We were enjoying daytime temperatures in the upper 70’s to low 80’s here in Virginia last February. I took advantage of the opportunity to visit Virginia Beach to paint outside. Over time, the following tips have proven themselves to be valuable when painting outside:
- It’s best to paint outside before 10am or after 2pm because the shadows and light contrasts are stronger.
- Most tend to stay for no more than 2 hours. The light has changed so dramatically after 2 hours that you’re basically painting a whole new painting.
- The light in the morning and the light in the afternoon have different qualities.
- Carry as little as possible when painting outside and you’ll go outside far more often.
When I arrived to the beach, this was my setup:
I carry most of what I need for watercolor painting in my purse (including water). If I’m doing urban sketching, then I’ll include my sketchbook in my purse. For formal painting outside or plein air painting, I leave the sketchbook at home. I take my folding easel and a small bag with watercolor paper and something to attach the paper to.
Since it was really, really early in the morning, you can see the long shadow that my body made in the sand. This is why you get better paintings at sunrise and sunset.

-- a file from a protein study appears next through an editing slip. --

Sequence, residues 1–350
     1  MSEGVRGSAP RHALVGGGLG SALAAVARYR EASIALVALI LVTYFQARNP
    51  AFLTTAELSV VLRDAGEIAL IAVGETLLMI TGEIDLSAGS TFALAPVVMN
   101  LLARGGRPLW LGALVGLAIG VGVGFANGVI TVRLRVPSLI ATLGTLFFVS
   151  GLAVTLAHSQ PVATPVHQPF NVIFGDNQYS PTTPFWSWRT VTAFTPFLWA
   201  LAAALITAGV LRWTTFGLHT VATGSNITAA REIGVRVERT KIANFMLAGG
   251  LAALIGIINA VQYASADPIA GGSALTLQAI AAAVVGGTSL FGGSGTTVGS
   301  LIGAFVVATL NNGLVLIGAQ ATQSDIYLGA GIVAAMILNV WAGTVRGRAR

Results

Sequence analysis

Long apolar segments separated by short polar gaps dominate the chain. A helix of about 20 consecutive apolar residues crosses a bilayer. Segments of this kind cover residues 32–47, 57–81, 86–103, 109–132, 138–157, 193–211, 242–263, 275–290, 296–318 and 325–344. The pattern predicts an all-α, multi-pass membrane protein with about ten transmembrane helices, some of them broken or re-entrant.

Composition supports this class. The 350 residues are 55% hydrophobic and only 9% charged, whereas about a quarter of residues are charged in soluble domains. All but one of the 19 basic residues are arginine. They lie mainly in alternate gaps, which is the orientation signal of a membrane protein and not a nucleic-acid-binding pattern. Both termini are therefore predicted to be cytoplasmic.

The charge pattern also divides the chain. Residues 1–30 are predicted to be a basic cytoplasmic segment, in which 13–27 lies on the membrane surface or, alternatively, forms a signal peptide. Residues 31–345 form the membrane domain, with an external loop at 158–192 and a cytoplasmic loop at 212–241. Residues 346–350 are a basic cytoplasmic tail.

When painting outside, you have to be prepared for visitors. I love it when people stop by to talk to me about my artwork. It’s easy to connect when you are both excited about the same place. However, there are lots of non-human visitors when you paint at the beach such as this dog who hung out watching me for 15-20 minutes.
He kept his distance but was only chased away by a dog. Often, dog owners won’t have their dogs on leashes in parks or at the beach. As a result, many dogs will come up and start sniffing around your easel.
I use watercolor paints with honey so they may smell like food. Flies and bugs tend to be attracted to the watercolor palette. Shooing them away becomes pointless after a while.
Also, there is usually water (with paint inside) sitting on the ground that may look like water to drink. Fortunately, none marked me as part of their territory.
In the end, the goal is to experience the process of painting. I typically end up looking at whatever I am painting in a different light than I did before I started. I am getting closer to ending up with a finished painting at the end, but the goal for me is to develop and refine a new way of seeing the world around me.